Monday, December 27, 2010

Race on TV


If you have ever attended elementary school, you have probably seen an image like the one above, symbolizing worldwide unity between people of different heritages. And today, with greater access to civil rights, more diverse schools and workplaces, the connecting force of the internet and social media, and laws protecting minority people, this is probably more closer to truth than it ever has been before. Which still doesn't make it true. Take for example, entertainment media.

It's not a secret that Hollywood isn't as diverse as it should be. In ten seasons of "Friends" there was only one non-white character. And she was only on for nine episodes. Countless other shows follow in this pattern.

Last year my roommate and I had a conversation about the portrayals of Latino characters in TV and movies.

"Even J.Lo doesn't even play Puerto Rican characters all the time. The Wedding Planner? She was Italian!" Sara said
"Um... she was Puerto Rican in Maid in Manhattan!" I suggested.
"Yeah," Sara responded. "And she was a maid."
"... Right."

Yep. Latino actors are more likely to play hired help, drug dealers, and gardeners than other characters. (Ugly Betty is one successful exception. And Grey's Anatomy is very diverse as well.) Diversity in television and movies has increased in the past 20 years, but it really is still not good enough.

One of the main issues I see, as a white woman, is that unless the cast is majority white or has a white leading character, the movie or show tends to not be marketed to all people. This year Chris Rock's remake of the 2007 British comedy, Death at a Funeral, into an all American-cast (with nearly all black actors) went largely unnoticed by white moviegoers. I went to see it in theaters and watched the original a couple months later, and found that if I mentioned the Chris Rock remake to my white friends, a lot of them hadn't heard of it, but had heard of or seen the original (which has an all-white cast).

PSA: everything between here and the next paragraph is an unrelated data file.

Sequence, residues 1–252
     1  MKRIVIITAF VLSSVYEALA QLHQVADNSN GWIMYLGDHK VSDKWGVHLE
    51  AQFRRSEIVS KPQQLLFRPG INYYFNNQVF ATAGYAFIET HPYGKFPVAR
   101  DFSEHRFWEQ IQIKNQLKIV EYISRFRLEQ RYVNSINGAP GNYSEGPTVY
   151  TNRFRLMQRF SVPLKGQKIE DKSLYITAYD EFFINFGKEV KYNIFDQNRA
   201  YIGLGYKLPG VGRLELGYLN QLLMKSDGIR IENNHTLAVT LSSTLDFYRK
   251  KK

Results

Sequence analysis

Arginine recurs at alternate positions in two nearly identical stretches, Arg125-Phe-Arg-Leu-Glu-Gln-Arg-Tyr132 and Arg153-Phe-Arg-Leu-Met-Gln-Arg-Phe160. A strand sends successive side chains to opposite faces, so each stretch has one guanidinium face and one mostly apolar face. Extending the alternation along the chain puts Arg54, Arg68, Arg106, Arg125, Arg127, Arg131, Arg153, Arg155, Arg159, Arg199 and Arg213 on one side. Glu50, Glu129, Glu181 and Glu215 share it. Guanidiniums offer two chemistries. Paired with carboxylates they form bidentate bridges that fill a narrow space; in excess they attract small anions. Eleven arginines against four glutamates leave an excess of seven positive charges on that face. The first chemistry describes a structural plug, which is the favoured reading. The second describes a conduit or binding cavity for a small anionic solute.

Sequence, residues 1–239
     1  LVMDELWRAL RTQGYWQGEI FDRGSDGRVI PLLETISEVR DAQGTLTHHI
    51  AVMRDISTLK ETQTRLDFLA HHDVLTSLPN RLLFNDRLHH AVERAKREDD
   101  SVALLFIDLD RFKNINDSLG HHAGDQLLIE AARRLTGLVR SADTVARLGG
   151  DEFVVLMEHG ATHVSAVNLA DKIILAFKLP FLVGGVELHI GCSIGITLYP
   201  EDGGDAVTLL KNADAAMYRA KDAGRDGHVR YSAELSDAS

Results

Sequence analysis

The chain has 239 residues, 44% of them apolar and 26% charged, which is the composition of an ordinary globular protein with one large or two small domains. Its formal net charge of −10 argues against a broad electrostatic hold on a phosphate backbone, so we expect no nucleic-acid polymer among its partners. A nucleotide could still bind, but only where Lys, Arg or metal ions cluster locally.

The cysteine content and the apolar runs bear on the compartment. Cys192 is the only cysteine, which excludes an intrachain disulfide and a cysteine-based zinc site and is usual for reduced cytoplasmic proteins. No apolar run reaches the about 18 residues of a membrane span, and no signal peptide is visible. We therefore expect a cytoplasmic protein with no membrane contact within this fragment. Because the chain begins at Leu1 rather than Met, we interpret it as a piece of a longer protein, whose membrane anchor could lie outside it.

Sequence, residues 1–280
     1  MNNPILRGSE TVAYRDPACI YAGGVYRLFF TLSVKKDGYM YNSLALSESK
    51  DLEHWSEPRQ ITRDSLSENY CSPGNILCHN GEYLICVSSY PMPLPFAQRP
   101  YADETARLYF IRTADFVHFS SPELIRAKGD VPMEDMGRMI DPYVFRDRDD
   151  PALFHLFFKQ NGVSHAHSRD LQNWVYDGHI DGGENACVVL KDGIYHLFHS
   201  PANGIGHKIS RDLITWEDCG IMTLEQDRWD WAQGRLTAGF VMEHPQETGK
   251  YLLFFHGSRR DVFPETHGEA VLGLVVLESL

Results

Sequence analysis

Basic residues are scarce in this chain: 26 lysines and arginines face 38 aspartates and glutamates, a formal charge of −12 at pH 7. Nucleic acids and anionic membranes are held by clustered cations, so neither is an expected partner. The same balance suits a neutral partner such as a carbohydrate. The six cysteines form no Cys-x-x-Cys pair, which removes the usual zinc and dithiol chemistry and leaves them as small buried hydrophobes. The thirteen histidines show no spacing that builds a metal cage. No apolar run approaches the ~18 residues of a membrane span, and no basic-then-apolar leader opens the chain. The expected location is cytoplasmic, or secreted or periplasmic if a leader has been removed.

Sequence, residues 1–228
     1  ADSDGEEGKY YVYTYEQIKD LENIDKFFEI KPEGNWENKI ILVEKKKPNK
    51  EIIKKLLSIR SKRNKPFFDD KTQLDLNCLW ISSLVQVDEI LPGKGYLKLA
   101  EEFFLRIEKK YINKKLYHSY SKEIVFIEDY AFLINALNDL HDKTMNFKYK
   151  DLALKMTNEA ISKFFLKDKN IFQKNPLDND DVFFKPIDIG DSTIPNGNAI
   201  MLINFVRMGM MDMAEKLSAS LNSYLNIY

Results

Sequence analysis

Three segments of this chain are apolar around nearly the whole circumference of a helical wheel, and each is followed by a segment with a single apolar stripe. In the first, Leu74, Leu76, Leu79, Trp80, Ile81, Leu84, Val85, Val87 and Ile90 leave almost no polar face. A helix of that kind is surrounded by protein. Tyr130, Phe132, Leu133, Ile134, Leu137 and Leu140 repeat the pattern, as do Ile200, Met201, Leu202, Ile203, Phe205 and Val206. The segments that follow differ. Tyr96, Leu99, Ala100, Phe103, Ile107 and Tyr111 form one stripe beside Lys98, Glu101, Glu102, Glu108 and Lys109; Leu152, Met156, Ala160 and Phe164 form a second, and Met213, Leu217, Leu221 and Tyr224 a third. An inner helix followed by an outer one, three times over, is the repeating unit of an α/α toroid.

The problem I think lies in the fact that the people who make decisions in Hollywood have confidence that movies with majority white casts will bring in all audiences, while movies (or TV shows) with minority actors in the majority will only appeal to minorities. Sort of the same way they think girls will go to boy-helmed children's movies but boys won't go to girl-movies. It's a money thing. (This ... somewhat lengthy article gives a good summary about what's happening with diversity in Hollywood.) There's no reason why white people can't relate to or enjoy watching actors who don't share their race. Put more diversity in TV! People are not as easy to peg as you make them out to be!

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